I was sitting in the dining room sipping on cabernet watching the girls make fools out of themselves playing “Just Dance” on the Wii in the living room, when one of my friends comes over and asks me about the stock market.
“Are we going down?”
“No one really knows.”
“So, what should I buy.”
… I hate that question. “Well, I wouldn’t get too excited. We are stuck in this 400 point channel on the Dow. You might get tired if you buy here.”
Well, I’m pretty sure you all have had that conversation with an acquaintance. My advice to you is to not give any advice. At least, not a specific one. There’s something about giving stock tips to friends that never work. Especially now, when the market is so indecisive, it’s hard to openly say, “You must buy AAPL now. They are coming out with a new phone!” Or, “Short Priceline, they are so overbought.” The truth is you may be right, but giving out one tip gets you no where. Why? Because let’s say that one tip does come out right, your friend is going to 3 more wrong trades and now he’s messed up. This always happens. The reason why is because they aren’t really equipped with the knowledge and emotional control to be a trader. I know many of you who read iBC definitely have that ability, so it’s easy for us to offer tips to one another because our advice is more like a community screening for stocks, which means after we poll one another we use our basic skills and intuition to take the potential trade to the next stage. Your every day friend or coworker that asks for a tip more than likely will take everything at face value and jump right in. Worst case scenario is that the stock tanks, and by correlation, so does your friendship.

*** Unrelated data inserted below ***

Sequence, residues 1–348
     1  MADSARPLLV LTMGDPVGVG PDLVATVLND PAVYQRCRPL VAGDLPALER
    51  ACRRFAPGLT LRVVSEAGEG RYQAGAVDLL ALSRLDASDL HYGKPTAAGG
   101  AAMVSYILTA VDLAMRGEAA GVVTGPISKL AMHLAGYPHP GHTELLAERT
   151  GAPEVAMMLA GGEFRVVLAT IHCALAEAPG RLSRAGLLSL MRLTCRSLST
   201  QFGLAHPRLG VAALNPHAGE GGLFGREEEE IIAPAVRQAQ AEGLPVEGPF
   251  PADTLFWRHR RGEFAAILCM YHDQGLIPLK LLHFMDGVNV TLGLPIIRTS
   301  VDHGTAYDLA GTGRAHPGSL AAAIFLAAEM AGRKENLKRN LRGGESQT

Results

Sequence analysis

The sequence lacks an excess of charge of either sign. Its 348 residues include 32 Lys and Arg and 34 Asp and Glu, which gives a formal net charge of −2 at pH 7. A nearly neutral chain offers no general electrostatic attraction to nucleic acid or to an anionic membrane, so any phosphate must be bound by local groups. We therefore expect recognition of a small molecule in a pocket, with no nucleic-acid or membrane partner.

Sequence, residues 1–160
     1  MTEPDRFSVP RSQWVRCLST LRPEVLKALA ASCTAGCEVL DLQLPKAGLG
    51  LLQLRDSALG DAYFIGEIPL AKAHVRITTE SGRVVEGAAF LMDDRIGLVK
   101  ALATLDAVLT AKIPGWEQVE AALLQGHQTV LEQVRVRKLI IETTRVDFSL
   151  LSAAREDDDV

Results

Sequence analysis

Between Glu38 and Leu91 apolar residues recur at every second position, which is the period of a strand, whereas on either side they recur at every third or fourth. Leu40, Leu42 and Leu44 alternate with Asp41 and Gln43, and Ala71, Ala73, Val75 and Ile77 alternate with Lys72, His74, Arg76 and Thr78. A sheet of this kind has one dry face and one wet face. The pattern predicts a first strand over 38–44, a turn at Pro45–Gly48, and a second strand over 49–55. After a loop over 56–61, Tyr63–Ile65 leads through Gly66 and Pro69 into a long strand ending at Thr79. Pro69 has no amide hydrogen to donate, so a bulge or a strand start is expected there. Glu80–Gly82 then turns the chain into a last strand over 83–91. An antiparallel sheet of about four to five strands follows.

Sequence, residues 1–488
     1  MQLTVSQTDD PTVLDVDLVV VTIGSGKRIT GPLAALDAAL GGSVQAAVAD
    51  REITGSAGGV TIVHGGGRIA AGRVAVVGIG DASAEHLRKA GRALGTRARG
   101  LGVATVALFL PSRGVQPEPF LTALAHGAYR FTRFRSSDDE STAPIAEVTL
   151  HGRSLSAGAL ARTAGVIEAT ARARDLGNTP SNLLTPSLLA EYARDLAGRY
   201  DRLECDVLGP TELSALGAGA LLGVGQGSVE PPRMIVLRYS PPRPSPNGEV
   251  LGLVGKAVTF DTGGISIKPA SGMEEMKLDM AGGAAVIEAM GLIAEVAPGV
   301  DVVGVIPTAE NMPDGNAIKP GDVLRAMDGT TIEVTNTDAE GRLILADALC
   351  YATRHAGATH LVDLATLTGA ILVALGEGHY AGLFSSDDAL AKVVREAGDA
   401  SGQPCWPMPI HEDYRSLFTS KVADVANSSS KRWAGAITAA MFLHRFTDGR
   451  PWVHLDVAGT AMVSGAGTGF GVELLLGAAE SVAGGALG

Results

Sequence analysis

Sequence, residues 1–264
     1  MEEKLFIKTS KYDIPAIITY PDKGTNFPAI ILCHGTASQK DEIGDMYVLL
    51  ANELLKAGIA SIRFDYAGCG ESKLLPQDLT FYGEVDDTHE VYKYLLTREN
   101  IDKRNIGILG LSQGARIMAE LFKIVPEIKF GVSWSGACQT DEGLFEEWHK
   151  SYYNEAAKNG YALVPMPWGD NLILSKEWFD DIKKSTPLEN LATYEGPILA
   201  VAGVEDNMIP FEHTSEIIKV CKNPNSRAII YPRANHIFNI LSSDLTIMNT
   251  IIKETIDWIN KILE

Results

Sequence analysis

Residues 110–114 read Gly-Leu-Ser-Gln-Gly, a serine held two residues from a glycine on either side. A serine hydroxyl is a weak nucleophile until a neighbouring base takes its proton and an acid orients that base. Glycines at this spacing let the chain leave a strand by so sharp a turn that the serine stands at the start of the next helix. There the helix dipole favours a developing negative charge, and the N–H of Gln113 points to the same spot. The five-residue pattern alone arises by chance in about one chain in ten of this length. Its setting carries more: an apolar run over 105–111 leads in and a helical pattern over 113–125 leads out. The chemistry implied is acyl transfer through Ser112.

So, the next time someone asks you what to buy, do this… 1) be vague and broad, tell them you like a stock but you are observing it in the context of the market. 2) Opt instead to talk about the industry and the overall condition of the market. For example, I told my friend that the market right now is too volatile and that capital preservation is of priority. It’s kind of like that catch a fish / teach how to fish proverb. The fact that maybe 9/10 of your friends do not have the ability to short stocks, will probably mean they won’t have the extra ability to hedge a position fast enough, so be careful with telling them to get aggressive during bipolar markets. Believe me, this market we are in right now can and will move fast on the down side.
So, why would I bring this topic out? Well, I always wanted to talk about it because I was getting tired of people bothering me with stock tips on the basketball court, while I’m playing Wii, trying to catch a wave, or laying in the hammock. I just feel those are my away from the market times and getting away from the market has always been a skill of mine to trade better in the market. And of course, knowing how to make an intelligent response to a curious friend that wants to invest will actually make you more confident too. While you are giving advice, you kind of take the role as a teacher and no matter your age, when others start to respect your opinion you feel more confident in your trading ability and you also reinforce good trading practice when you give it to others.
Now that I got that off my chest, go short PCLN.Comments »